The Saturn Sky is a cute, two-seat roadster that has sports-car looks and sports-car handling. The standard 177-horsepower engine, however, provides modest performance.
For those who want a swift kick in the seat of the pants when they squeeze the Sky's throttle, the turbocharged Red Line is just the ticket.
The Red Line's 2.0-liter, four-cylinder engine produces 260 horses with the turbo, and that's enough to give the Sky sports-car performance. This engine is GM's first to have direct-injection that is more efficient than normal fuel injection.
At normal speeds, the Sky Red Line drives much like the regular model. Mash the throttle, however, and the turbo's extra boost provides a satisfying lunge. The test car had a five-speed manual transmission, but closer ratios would give the car a livelier feel.
The standard Sky starts at $24,195, and the Red Line begins at $27,295.
The Sky's main competitors include the Mazda MX-5, formerly called the Miata, and the Pontiac Solstice. The Solstice is basically the same car under the skin. The Sky is slightly larger than the Mazda, and it feels less nimble, due in part to the 2,990-pound curb weight.
Visually, the Sky is a grabber. The sharply creased body looks muscular. The manual convertible top folds under the clamshell trunk lid, and that means you have to get out of the car to put the top down. Trunk space is minuscule, even with the top up. Opening the trunk when the top was covered with ice was nearly impossible because the top's side panels have to be unlatched before the trunk can be opened.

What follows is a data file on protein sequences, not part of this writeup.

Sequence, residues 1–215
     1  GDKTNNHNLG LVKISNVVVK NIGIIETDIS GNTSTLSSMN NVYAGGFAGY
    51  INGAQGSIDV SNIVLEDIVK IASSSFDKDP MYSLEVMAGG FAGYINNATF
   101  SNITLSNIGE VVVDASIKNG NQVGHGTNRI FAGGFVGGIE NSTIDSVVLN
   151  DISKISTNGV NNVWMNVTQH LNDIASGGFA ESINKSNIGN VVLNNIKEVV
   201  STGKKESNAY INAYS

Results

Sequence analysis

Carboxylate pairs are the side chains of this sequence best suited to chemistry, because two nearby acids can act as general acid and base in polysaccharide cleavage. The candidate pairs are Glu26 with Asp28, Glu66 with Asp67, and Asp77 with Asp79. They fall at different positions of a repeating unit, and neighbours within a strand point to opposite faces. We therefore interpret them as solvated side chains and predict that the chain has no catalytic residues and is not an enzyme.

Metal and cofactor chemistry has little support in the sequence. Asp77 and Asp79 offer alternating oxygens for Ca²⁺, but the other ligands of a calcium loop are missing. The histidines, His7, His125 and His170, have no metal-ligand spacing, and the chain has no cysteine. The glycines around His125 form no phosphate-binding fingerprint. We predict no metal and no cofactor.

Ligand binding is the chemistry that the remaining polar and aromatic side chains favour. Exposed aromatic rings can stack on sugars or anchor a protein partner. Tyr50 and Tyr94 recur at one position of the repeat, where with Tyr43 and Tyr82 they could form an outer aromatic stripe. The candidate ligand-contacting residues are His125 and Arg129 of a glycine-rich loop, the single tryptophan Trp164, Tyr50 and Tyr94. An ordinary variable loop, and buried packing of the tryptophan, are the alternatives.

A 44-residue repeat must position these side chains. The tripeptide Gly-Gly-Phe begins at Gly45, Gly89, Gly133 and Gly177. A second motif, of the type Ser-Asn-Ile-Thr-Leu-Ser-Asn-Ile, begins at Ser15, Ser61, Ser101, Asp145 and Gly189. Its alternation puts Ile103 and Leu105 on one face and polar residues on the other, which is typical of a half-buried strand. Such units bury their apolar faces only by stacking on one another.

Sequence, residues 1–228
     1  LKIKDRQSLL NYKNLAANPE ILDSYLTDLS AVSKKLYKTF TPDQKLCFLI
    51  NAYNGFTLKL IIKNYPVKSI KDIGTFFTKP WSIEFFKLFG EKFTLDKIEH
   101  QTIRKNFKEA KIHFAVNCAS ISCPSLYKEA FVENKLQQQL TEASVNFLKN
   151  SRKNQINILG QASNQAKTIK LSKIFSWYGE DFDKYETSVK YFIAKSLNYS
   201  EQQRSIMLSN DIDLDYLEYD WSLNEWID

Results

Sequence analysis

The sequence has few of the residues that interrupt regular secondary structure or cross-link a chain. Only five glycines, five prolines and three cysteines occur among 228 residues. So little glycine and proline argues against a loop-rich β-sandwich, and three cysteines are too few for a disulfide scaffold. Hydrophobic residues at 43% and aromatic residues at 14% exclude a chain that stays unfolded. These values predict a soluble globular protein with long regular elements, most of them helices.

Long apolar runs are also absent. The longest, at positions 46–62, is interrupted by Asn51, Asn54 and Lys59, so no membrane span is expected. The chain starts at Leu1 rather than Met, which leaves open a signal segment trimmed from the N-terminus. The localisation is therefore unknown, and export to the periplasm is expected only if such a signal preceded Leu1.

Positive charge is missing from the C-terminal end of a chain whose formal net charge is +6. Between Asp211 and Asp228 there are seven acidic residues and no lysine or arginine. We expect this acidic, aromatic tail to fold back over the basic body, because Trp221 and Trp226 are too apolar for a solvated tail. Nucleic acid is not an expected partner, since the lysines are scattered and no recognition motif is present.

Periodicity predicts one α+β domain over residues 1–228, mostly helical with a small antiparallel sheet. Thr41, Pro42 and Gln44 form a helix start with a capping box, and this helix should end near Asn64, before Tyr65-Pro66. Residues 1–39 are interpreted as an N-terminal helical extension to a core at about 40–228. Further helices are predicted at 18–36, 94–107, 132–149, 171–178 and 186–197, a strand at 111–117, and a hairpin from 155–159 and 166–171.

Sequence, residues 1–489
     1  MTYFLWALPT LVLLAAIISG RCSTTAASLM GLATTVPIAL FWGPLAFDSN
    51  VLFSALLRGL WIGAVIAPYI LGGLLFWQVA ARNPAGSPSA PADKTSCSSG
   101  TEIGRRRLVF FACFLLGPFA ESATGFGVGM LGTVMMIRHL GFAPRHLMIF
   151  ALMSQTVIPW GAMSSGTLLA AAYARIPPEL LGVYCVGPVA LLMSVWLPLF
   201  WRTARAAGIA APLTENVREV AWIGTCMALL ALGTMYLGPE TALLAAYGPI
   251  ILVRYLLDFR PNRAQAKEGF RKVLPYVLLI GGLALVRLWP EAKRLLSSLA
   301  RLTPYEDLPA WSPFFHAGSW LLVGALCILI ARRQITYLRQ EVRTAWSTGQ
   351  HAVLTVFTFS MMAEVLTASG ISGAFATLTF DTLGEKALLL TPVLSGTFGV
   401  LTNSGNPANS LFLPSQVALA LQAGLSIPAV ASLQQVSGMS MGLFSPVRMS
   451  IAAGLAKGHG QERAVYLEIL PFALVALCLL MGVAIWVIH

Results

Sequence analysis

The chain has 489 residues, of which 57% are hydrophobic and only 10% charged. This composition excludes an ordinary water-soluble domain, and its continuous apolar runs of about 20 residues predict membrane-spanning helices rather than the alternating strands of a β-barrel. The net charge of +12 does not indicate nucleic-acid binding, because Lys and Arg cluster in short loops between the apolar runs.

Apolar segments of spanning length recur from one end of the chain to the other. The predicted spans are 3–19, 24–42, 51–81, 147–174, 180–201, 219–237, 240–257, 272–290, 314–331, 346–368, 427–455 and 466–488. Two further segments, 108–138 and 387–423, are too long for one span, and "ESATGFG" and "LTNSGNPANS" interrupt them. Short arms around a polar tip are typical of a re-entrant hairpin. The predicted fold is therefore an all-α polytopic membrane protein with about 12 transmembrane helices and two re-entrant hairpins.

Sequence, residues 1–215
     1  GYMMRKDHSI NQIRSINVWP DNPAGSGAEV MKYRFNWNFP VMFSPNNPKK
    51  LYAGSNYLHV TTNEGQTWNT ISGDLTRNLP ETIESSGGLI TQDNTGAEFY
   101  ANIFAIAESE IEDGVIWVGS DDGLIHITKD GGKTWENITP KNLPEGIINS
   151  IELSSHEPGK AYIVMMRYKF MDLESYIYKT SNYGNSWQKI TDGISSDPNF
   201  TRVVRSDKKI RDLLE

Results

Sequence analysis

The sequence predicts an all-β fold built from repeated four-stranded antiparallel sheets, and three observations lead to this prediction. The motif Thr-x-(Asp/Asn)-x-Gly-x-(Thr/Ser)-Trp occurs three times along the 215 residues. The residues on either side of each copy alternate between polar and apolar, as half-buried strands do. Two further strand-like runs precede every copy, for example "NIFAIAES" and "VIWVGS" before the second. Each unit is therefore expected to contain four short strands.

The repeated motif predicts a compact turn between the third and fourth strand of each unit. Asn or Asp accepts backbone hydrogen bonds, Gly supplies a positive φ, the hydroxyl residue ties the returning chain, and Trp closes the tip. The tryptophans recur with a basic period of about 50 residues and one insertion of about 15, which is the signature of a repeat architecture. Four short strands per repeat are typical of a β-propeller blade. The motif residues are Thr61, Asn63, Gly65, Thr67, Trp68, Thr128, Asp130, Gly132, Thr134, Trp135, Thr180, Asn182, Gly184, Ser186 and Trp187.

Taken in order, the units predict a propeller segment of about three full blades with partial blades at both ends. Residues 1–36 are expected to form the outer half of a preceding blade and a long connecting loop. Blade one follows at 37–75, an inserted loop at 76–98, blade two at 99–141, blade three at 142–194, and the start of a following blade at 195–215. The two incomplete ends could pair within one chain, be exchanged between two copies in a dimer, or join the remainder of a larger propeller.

A convertible sports car needs a solid chassis to deliver on its promise of outstanding handling. To that end, Saturn developed an entirely new chassis made from hydroformed frame rails that run the full length of the car. The hydroformed rails are joined to stamped steel sections and a reinforced center tunnel. The Sky feels tight and free from frame flexing.
The Sky has a nearly ideal 50/50 weight distribution. Eighteen-inch wheels fill the fenders and contribute to good cornering. The combination of performance tires and rear-wheel drive made the Sky a handful, even with traction control, in our recent snowstorm.
The cockpit-style interior is definitely small. The gearshift sits high on the center tunnel. Big, bold gauges are a bit like those from a motorcycle. The pedals are placed for easy heel-and-toe driving. The Sky's instrument panel, with its piano black center section, looks more sophisticated than that of the Solstice.
The Sky is part of a new-product influx at Saturn. Its fun character and sharp looks point the way for future models.
The base price of the test car was $27,295. Options included chrome-plated wheels, leather seat inserts, decklid spoiler, XM satellite radio and premium paint. The sticker price was $30,174.
Three years or 36,000 miles with a five-year, 100,000-mile powertrain warranty.
Cars.com Expert Reviews
|Joe Wiesenfelder||Cars.com National||June 20, 2006|
|Cars.com Staff||Cars.com National||June 29, 2005|
|Tom Strongman||KansasCity.com||March 4, 2007|
|Tom Strongman||KansasCity.com||December 15, 2006|
|Mark Glover||The Sacramento Bee||September 22, 2006|
|Tom Strongman||KansasCity.com||August 5, 2006|
|Dan Neil||Los Angeles Times||August 2, 2006|
|G. Chambers Williams III||Star-Telegram.com||July 5, 2006|
|Steven Cole Smith||Orlando Sentinel||June 15, 2006|
|Jim Mateja||chicagotribune.com||June 4, 2006|
|Anita Lienert||The Detroit Newspapers||May 31, 2006|
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